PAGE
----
It’s not unusual for film franchises to hit their commercial stride with the second or third installment: Austin Powers and Christopher Nolan’s Batman trilogy are a couple of notable examples. But it’s rare for a series to keep on building as it matures into its fourth, fifth and sixth episodes, as Fast & Furious has done. The first three films in the franchise all opened below £3m in the UK, before the fourth picture, confusingly called just Fast & Furious, debuted with a shade under £5m in 2009. Fast & Furious 5 pushed a little further two years later, kicking off with £5.33m, including £1.30m in previews. Now Fast & Furious 6 arrives, screaming out of the starting block with a stunning £8.72m. That’s enough to make it already the third-biggest Fast & Furious film at the UK box office, behind only the fifth (£18.5m) and fourth (£13.7m) in the series.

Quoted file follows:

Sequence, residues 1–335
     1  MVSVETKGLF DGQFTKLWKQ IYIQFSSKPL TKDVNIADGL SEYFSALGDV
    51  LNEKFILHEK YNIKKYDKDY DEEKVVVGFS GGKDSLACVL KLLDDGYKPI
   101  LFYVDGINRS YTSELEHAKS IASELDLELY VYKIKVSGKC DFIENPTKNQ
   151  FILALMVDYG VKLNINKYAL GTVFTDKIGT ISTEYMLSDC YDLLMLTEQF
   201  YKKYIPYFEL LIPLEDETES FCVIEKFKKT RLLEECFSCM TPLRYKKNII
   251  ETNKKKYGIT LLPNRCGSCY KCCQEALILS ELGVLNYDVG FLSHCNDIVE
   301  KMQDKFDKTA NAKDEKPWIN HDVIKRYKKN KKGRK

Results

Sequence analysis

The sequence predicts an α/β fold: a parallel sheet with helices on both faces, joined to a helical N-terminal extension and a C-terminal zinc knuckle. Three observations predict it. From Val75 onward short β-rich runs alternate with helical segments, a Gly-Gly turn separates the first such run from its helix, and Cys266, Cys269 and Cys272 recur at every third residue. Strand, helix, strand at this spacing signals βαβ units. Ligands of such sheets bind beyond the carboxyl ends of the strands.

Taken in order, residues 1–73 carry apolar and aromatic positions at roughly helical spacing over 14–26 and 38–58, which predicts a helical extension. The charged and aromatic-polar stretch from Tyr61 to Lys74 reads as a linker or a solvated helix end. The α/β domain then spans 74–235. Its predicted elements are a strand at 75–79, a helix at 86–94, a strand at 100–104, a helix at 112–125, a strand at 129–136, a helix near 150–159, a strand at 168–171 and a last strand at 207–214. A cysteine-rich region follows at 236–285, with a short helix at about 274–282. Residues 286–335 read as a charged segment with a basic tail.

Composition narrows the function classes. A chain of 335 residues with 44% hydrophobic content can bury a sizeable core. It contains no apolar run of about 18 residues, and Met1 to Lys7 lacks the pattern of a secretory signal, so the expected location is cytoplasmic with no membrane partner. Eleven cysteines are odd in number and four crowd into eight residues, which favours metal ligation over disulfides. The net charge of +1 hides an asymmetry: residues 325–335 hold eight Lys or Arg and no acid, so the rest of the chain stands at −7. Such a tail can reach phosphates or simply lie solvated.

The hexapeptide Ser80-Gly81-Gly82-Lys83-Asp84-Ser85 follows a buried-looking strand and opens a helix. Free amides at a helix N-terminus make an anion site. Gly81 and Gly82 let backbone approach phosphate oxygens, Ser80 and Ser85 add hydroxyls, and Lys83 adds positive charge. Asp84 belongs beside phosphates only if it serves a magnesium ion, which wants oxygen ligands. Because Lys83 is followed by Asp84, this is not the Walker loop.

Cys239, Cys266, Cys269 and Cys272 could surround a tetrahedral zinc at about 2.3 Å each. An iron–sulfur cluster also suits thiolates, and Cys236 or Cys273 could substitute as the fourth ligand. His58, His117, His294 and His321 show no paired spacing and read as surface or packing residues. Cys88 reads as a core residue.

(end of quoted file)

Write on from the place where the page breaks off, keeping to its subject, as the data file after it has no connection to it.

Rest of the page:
While the little-heralded original film The Fast and the Furious opened strongly in the US, stunning observers with its $40m debut in June 2001, it failed to repeat the trick in the UK three months later, hampered by landing in our cinemas just three days after the 9/11 terror attacks. Cumulative UK grosses for the first three pictures run as follows: The Fast and the Furious, £6.6m; 2 Fast 2 Furious, £7.7m; Tokyo Drift, £5.8m.
Distributor Universal is reporting that the Fast & Furious 6 number is its biggest-ever three-day opening, and points out that it’s also the biggest 2D opening of 2013 so far.
Recent Fast & Furious films have opened over Easter weekend, delivering strong numbers and, in industry parlance, owning the date. May is traditionally when the top blockbusters of the year start arriving, and represents a time when rewards can be bigger, but competition fiercer. Universal took a gamble by grabbing the 17 May date, only a week after Star Trek Into Darkness, and facing off against The Great Gatsby, which admittedly is targeting a different audience. It’s a risk that has handsomely paid off.Read More